Category Archives: Invasive species in Britain

Beetles in the Bonsai

Watch out for this beetle.  If discovered, it should be immediately reported to Plant Health and Seeds Inspectorate at 01904 465625 or http://ww2.defra.gov.uk/

The Citrus Longhorn is an Asian beetle, accidentally imported with ornamental trees from Korea, China and Japan, and discovered at a Rutland school last week.  Like all UK sightings so far, it was found in a Japanese maple, but without a natural predator it poses a serious threat to a wide range of native shrubs and trees. Continue reading Beetles in the Bonsai

Grey squirrel pie fad

Gamekeeper Paul Parker with some dead Grey Squirrels

Grey squirrel pie continues to gain in popularity across the country. I enjoyed this comment in the Manchester Evening News, explaining the origin of the debate on what squirrel actually tastes like.

“Country squirrels live on a diet of sweet things like berries, unlike their urban cousins who will eat mostly anything found thrown on the streets. This diet can make their meat taste sweet, and if cooked right can have a taste between duck and lamb (without the greasy fat usually produced by both cooked animals). The squirrel I ate had a sweetish taste although not much meat for a feast! “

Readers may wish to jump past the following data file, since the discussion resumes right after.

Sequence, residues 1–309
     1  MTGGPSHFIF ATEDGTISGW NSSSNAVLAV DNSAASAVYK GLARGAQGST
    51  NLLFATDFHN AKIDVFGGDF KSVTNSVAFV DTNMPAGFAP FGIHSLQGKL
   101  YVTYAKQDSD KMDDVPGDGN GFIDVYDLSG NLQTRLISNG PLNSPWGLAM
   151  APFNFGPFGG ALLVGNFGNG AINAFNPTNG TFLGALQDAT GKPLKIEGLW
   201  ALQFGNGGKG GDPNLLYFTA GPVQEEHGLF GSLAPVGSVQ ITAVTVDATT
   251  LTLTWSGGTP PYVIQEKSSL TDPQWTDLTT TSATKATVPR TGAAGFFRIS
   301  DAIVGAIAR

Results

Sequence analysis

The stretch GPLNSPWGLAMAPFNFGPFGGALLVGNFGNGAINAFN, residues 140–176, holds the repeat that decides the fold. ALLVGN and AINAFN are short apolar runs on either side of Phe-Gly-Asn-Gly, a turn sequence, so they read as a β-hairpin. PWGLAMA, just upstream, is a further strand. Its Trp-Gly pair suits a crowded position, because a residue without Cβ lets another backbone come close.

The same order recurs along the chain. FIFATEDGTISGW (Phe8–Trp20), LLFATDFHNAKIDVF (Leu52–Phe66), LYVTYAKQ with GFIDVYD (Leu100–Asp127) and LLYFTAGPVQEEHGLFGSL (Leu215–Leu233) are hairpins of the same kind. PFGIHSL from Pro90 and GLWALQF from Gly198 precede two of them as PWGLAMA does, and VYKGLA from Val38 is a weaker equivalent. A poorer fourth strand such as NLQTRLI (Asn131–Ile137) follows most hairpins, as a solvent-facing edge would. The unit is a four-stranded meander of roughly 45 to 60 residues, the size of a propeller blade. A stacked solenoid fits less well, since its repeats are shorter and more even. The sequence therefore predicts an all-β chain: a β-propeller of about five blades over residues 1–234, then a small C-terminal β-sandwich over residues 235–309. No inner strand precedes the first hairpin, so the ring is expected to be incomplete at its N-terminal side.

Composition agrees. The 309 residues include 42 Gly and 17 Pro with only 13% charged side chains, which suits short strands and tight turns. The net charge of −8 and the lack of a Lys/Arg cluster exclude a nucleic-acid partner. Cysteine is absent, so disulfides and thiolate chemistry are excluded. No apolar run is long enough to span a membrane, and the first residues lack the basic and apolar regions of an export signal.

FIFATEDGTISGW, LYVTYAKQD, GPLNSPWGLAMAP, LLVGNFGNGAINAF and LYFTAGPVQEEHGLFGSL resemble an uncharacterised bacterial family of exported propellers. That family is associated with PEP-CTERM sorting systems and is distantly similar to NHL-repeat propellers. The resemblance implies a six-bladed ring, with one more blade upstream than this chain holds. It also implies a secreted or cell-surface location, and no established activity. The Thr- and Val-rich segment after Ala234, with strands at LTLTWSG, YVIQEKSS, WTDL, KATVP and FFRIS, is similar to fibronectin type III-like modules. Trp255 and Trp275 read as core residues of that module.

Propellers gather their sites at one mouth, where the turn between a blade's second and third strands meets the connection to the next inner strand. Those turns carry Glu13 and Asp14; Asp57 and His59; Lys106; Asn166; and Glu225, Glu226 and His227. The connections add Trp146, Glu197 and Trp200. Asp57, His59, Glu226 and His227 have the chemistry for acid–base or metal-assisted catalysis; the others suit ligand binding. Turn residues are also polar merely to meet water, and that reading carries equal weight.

Image from Pest controller moves south to feed demand for squirrel pie

Alien crabs on the menu

The idea of harvesting the invasive Chinese Mitten Crab, currently clogging up the Thames and rapidly spreading through Britain, is taking shape, with a conference planned for March to discuss the pros and cons.

It’s been proposed to use fyke nets, as pictured above.  But these long net tubes held open by hoops are also a very efficient means of trapping eels, now a threatened species in Europe.  Another drawback is, if the crab fishery were an economic success, people might be tempted to introduce the Mitten Crab to new rivers. As Paul Clark, marine biologist at the Natural History Museum and conference organiser, puts it:

“We are damned if we do and damned if we don’t. Mitten crabs have few natural enemies capable of reducing their numbers, but the establishment of a fishery would certainly carry risks.”

In Shanghai the Mitten Crab (Eriocheir sinensis) is a delicacy.  They are eaten steamed, as this best preserves the flavour and keeps the meat tender.

See the Independent and previous post

Grey squirrels don’t threaten birds

Grey squirrel

A new study has found, contrary to popular belief, that grey squirrels do not have a significant impact on the populations of many of England’s woodland bird species. Although there was some evidence that grey squirrels may locally suppress the populations of some speciest through their preying on bird eggs, they do not appear to cause the birds any widespread or lasting harm. BBC